A few questions:
(1) It seems that C&I on most of the islands close by the late afternoon, and significantly earlier on weekends and holidays. If I arrive after closing time, is there anything I can do other than stay on board until the next morning and clear in then? I've heard that it is sometimes possible to arrange for clearance outside of normal hours with the payment of an extra fee, but I'm not sure where this is available or how I would go about arranging for it.
(2) If I do get stuck arriving too late to clear in and want to leave early the next day for another island (i.e., before c&i opens) can I do this? Or am I required to clear in and out as a result of having spent the night in the harbor, even though I never went ashore?
I say the answer to your questions is "It depends" -- It depends on who you run into when you do check into customs....and on how honest you're going to be.
Here's what can happen:
Checked out of Martinique on a Thursday afternoon. Left Friday morning. Arrived in Dominica 30 minutes after customs closed Friday afternoon. Anchored for the night and left in the morning. Arrived in Iles des Saintes around noon on Saturday. Police station closed for the weekend at noon. Left Sunday morning for Deshaies, NW Guadeloupe. Arrived Sunday afternoon after the internet café that handles customs clearance via internet closed. Left Monday morning for Antiqua. Checked in a Jolly Harbor where the customs lady (one stripe on the epaulet) asked, "Where are you coming from?"
I answered, "You mean the last place I stopped or the place I checked out from last?" From the look on her face I knew I had messed up.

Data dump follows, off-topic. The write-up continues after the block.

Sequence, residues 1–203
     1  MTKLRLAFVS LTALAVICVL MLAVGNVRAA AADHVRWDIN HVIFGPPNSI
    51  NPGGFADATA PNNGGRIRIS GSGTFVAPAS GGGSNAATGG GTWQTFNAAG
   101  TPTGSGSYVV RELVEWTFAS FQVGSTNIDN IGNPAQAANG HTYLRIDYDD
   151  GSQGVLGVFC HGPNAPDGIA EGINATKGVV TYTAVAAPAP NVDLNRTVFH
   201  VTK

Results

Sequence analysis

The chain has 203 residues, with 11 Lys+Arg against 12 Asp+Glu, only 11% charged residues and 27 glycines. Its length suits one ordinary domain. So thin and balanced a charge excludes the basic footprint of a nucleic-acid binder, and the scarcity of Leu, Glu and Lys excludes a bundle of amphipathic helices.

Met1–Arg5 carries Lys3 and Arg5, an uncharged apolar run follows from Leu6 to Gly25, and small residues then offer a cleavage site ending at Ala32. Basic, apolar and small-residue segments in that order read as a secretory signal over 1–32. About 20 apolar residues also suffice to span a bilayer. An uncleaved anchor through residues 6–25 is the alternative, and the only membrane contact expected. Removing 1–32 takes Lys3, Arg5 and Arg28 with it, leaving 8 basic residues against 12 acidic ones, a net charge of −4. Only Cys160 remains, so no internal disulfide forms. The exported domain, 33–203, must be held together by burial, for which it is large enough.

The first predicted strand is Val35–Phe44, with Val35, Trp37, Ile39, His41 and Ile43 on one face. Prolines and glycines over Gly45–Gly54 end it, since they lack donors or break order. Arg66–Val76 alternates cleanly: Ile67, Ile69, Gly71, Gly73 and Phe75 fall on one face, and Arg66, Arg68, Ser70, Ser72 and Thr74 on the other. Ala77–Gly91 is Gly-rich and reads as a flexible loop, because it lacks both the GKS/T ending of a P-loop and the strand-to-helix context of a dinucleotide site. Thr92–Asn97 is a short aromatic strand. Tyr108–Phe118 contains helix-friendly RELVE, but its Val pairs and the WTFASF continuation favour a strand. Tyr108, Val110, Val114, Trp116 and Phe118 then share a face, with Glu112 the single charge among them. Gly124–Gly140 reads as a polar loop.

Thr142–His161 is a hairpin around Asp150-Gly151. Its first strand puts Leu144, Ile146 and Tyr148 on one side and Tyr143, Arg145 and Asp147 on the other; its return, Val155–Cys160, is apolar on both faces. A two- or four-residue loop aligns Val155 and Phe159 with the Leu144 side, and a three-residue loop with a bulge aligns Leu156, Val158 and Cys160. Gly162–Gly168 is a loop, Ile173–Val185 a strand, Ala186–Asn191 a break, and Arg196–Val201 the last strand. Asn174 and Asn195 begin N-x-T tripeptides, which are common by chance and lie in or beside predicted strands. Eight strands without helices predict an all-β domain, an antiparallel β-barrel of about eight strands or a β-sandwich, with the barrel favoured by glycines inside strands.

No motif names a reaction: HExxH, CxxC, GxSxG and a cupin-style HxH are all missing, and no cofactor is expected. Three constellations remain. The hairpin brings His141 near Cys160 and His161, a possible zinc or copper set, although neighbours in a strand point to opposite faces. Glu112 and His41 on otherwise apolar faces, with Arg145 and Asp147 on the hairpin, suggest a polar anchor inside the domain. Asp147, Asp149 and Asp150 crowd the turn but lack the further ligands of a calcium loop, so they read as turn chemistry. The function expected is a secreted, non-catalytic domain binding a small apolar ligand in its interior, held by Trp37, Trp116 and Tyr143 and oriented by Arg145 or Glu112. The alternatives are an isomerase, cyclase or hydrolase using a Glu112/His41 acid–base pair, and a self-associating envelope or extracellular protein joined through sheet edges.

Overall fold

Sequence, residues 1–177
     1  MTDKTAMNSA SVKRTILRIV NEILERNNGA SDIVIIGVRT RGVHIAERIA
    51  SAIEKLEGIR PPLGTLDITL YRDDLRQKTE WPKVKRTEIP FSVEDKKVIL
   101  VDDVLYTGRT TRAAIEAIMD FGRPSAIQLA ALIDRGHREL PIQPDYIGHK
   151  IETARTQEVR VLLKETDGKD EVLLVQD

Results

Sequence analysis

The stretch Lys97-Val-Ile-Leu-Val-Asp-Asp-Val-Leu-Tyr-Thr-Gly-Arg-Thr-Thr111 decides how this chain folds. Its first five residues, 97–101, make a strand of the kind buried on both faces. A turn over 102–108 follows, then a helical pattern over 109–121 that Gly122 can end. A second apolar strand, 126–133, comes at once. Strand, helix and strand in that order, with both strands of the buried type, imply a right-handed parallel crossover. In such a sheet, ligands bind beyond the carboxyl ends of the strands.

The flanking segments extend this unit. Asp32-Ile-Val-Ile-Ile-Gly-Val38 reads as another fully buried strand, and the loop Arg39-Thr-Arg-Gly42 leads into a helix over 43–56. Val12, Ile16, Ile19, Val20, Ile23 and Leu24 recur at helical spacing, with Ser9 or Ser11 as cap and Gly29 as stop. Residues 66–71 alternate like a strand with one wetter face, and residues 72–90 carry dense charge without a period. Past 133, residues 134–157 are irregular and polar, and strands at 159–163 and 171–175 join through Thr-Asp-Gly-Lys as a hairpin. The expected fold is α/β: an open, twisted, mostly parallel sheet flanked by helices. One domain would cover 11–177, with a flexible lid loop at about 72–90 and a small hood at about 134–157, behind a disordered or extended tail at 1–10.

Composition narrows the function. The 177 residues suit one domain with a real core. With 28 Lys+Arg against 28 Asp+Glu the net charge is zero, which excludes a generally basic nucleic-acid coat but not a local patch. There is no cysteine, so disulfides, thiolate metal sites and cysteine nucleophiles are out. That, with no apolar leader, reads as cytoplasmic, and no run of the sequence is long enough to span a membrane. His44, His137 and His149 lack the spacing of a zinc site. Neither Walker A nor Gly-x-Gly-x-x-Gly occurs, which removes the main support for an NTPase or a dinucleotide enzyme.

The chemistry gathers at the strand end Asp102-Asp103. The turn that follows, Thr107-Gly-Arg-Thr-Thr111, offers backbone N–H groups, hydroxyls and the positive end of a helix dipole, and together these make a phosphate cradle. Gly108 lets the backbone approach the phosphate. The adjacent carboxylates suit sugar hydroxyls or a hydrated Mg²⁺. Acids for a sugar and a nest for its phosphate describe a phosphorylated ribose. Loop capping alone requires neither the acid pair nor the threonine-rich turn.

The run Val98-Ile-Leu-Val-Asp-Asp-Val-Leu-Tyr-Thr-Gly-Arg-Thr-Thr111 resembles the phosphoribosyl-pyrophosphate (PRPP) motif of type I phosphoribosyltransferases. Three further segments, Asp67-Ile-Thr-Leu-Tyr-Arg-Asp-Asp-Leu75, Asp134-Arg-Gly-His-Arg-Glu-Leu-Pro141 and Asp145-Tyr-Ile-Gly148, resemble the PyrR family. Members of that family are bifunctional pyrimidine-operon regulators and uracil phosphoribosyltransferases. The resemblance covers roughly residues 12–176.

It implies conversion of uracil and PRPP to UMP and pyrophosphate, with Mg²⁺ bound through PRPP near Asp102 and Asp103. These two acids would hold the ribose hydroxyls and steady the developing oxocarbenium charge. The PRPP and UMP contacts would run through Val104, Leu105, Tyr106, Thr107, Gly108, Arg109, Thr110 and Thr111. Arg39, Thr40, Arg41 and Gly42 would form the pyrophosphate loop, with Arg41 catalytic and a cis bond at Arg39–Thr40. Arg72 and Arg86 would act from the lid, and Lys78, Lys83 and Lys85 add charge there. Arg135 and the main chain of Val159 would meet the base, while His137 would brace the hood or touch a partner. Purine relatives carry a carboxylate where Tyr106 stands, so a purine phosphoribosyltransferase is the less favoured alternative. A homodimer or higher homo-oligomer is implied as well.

I probably should have said I was three days out of Martinique and complained about the lack of wind on the leeward side of all the islands, but I didn't. I gave her the itinerary above and, thinking very quickly, said that I stopped in each place for "crew rest" and "safe operation" of the boat, that I sought out customs officials in each place, but when none were available I continued my journey northward with all deliberate speed as I needed to avoid bad weather that was forecast to arrive the next morning.
She held me up in customs for about an hour and in the end made me write an explanation of "why Billy Ruff'n had not checked in at anywhere". You know, sort of like the second grade teacher telling you to stay after school and write "I will not talk in class anymore" 100 times. She attached the letter to the customs form and let me finish clearing in with immigration and the port authority.
When I checked out a few days later, a much more senior customs officer (three stripes) was on duty. When he saw the boat papers, he just smiled and said, "Ah, you're the guy I heard about...." Stamp, stamp, and I was on my way.
That was the first and only time I've ever stretched things in regard to clearing in or out. My sense is that in the Caribbean if you're honest about your circumstances and respectful of the authority, which customs officers DO HAVE, and you have at least a somewhat reasonable explanation for your inability to follow the official procedures, you MIGHT get off with a wrist slap, as I did. If you don't take them seriously or appear to dis them in any way, they will slap you down.
So it depends -- on what you say, how you're dressed, how you act, and how they felt when they got out of bed on the day you walked into their office.